Old has so many definitions, but what I’m looking at here is how we advance in years. And I have become a bit of a snob about it. This surprises me since a few years ago I was rather put off with a local newspaper columnist when she pronounced “I’m not interested in interviewing anyone unless they are over 70.”
Now I’m limiting my own admiration for amazing things done in advanced age, to people not over 70…or even 80. I save my awe for what folks in their 90’s are doing.
My first dose of this was a newspaper article about a local retired teacher that came out a couple months ago. This nonagenarian is just doing what she likes to do but she’s still going strong and making a huge difference to young readers with her effort.
After she retired, she decided to volunteer as a reading tutor with kids who were having problems. But as she worked with these kids, she realized the materials available weren’t what the kids really needed. So she created her own materials.
Cool, huh? That was just the start. The materials worked so well that teachers in the schools noticed and wanted the resource themselves. So with the help of her daughter–who did the illustrations–she made them into a formal set of materials. GoPhonics was born.
When I read the article, she was just embarking on even another step–to create a program for teaching teachers how to use those materials–because that’s what is needed now. Sylvia Davison is in her 90’s. You would never know it by how she is living her life.
Just this last weekend, I read of another amazingly active person who’s less that a decade from the century mark. Fred Oldfield is has been a commercially successful artist for over three quarters of a century, specializing in Western art,but also doing a lot of murals. He still paints, but even more amazing, he’s active in teaching kids painting and in raising money to help fund art education for kids.
Don’t picture this as doddering old guy who shuffles between his easel and his bed for a few hours every day. Don’t think this guy is just the facade for other, younger volunteers. He still rides his horse regularly and makes his way around the Heritage Center where he teaches with the ease of someone much younger. Fred Oldfield is 95.
A recent AARP interview with Dustin Hoffman reveals I’m not the only one intrigued with these outliers of continued vibrance. Hoffman mentioned two whom he’s noticed. Manoel de Oliveira is still directing at 104. And then there’s the 94-year old guy who, after finishing a triathalon, was asked if he was going to run anymore. His reply, “Oh, yeah. I got to keep going until I get old.”
That’s a funny line, but it’s also the gyst of what’s going on with these folks. They do not see themselves as “old.” And that is the best way for all of us to advance in years. How many birthdays you’ve had is completely irrelevant to what you will be happiest doing with your time, effort, and resources.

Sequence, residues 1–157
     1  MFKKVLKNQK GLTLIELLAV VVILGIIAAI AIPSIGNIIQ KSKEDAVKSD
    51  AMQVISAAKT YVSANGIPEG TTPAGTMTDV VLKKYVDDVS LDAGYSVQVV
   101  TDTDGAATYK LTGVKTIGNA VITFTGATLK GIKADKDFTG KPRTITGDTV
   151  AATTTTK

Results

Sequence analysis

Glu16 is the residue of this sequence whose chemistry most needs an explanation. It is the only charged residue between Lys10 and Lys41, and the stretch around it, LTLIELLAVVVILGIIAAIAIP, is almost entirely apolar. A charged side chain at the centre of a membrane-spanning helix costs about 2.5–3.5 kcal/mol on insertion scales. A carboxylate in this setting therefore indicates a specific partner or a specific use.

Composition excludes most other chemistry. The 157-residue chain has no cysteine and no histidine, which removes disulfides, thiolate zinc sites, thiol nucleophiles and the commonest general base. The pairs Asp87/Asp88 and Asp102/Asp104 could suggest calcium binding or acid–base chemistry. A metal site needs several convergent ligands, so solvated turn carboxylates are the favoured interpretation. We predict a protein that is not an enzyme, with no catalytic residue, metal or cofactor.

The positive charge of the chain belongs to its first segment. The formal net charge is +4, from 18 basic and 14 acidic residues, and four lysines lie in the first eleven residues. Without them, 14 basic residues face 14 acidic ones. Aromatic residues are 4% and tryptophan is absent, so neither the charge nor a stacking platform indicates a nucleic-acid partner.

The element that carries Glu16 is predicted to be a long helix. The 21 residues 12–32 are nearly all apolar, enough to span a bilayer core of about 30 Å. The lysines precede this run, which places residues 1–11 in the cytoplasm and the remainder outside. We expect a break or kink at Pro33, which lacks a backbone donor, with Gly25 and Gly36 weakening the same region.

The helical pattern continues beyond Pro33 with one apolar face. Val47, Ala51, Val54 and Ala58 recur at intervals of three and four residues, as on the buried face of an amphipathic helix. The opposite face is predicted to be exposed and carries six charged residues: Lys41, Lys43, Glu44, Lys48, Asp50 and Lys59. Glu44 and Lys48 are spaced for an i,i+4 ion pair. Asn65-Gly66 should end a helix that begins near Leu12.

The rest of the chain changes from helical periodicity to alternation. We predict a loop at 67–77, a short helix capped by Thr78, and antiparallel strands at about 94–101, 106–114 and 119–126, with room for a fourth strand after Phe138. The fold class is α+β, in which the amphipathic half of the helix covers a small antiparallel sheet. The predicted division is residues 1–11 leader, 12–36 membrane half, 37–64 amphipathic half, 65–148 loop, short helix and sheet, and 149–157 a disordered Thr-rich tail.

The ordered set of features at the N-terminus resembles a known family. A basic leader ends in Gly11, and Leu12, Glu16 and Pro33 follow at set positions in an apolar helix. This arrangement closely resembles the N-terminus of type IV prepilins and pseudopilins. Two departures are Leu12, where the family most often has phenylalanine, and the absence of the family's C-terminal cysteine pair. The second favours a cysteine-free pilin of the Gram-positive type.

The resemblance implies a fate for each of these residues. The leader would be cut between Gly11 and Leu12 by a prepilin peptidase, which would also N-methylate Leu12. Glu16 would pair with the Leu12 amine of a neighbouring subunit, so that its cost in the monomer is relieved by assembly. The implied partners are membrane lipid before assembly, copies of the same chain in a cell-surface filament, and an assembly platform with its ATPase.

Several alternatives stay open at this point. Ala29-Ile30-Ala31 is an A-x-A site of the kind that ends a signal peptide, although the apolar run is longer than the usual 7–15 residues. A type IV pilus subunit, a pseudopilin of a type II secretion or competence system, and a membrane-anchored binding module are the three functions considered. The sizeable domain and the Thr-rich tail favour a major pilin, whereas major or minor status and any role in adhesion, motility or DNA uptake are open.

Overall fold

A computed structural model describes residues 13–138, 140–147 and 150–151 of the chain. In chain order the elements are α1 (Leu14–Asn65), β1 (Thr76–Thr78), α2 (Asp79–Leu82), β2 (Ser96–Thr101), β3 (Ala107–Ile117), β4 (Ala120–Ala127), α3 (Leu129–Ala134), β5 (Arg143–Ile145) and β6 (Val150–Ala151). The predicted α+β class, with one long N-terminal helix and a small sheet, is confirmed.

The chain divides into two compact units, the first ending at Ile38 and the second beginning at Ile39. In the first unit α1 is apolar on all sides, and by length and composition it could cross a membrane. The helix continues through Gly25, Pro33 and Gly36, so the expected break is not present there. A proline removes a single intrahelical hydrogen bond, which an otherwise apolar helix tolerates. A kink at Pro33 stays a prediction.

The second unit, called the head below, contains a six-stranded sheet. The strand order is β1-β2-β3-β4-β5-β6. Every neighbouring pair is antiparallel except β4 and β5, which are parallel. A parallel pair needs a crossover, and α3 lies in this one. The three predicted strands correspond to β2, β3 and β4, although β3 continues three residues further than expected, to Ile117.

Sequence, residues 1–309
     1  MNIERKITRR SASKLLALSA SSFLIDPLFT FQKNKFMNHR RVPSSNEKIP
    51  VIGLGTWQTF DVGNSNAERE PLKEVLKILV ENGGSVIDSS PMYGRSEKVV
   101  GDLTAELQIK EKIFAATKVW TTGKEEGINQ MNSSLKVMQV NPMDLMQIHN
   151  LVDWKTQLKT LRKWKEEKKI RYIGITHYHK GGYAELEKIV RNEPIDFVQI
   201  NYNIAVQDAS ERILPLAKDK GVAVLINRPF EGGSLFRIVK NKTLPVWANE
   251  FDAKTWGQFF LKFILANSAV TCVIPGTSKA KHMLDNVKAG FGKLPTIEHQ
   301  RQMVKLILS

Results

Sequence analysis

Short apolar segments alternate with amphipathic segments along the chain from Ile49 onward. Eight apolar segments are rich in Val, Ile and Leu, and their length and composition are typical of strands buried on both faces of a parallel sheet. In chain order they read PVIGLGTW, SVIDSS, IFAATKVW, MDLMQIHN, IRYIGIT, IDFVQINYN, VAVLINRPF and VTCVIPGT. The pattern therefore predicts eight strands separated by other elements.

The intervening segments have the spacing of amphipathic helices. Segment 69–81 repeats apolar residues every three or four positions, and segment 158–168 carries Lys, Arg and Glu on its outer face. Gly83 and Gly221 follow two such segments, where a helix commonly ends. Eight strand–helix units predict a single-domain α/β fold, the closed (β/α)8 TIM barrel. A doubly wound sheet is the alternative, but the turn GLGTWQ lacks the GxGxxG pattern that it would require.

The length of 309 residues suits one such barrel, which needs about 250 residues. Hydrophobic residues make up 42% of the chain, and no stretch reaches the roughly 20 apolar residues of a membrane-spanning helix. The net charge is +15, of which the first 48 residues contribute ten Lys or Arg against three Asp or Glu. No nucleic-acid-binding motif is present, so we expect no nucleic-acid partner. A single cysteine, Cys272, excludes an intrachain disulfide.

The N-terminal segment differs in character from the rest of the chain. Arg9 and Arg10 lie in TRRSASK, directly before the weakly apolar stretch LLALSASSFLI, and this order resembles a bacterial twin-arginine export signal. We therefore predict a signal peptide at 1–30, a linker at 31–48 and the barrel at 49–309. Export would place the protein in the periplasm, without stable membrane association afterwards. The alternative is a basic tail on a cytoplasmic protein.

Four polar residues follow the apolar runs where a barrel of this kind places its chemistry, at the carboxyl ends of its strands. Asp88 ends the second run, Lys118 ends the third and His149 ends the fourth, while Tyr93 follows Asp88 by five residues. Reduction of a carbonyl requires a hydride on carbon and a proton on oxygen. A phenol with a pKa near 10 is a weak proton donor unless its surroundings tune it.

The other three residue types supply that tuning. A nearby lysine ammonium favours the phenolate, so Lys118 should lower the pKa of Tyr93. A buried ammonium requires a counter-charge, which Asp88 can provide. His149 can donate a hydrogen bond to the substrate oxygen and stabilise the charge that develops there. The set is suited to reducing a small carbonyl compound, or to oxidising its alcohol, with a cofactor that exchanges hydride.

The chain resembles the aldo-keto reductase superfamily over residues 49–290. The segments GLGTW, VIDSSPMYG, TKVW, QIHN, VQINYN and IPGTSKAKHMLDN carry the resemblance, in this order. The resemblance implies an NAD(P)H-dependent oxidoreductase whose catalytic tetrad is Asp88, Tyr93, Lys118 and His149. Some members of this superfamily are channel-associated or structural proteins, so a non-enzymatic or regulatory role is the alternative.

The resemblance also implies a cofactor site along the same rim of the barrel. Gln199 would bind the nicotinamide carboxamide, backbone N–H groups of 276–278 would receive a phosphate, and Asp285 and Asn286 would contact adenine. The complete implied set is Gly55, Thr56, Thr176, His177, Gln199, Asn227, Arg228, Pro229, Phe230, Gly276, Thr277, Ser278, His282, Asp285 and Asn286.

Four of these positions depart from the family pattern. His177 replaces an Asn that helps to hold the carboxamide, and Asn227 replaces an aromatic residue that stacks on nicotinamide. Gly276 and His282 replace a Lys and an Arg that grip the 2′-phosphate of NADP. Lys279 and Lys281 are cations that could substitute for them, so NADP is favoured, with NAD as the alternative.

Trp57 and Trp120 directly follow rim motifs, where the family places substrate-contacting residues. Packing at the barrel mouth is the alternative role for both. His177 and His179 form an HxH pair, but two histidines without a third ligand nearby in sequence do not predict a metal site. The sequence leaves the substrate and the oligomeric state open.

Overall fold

These people are all deeply interested in something and spend a lot of time and effort on it. Age is a totally useless concept for them–at least in terms of themselves. (The ones who are working with kids may have age parameters for the kids they work with, but that’s a whole different thing.)
I preach a lot about having a sense of purpose–something to do that goes beyond your personal comfort and pleasure. That is definitely an essential piece of becoming a centenarian superstar. But there’s another piece to this that we all need as well.
We need to stop thinking the “old” thoughts. When something aches or I don’t have the energy, I can often make it go way if I’m not excited enough about what I am planning to do. I won’t do that if I tell myself “Well, that’s just what happens when you’re my age.” It’s way too easy in this culture to start telling yourself that!
I want to be like Grandma Moses. She got to into painting in earnest when she was 78 and created over 1,500 canvasses before she died at the age of 101. She went from displaying her art at a local drugstore for $3 each to national renown (and $10,000 price tags) in less than a decade. Her example is far more compelling than that of my maternal grandfather who retired from a corporate job at 65 like everyone else and then just sat there because he “had a heart condition.” He kept breathing for another 20 years, but he wasn’t really living them.
The more energy you use, the more you have–no matter how many candles were on your last birthday cake. Dustin Hoffman, quoting Bill Connelly about the point of the movie Quartet in which they were both involved, had it right: “Don’t die until you’re dead.”